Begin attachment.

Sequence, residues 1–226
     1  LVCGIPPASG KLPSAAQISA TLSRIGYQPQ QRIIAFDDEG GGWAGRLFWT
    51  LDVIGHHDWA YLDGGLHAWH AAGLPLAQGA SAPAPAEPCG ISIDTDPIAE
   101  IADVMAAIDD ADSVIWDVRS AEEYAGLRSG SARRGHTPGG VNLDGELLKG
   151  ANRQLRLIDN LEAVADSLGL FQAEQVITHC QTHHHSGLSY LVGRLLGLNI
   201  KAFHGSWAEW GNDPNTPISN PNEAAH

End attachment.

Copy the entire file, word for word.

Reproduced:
Sequence, residues 1–226
     1  LVCGIPPASG KLPSAAQISA TLSRIGYQPQ QRIIAFDDEG GGWAGRLFWT
    51  LDVIGHHDWA YLDGGLHAWH AAGLPLAQGA SAPAPAEPCG ISIDTDPIAE
   101  IADVMAAIDD ADSVIWDVRS AEEYAGLRSG SARRGHTPGG VNLDGELLKG
   151  ANRQLRLIDN LEAVADSLGL FQAEQVITHC QTHHHSGLSY LVGRLLGLNI
   201  KAFHGSWAEW GNDPNTPISN PNEAAH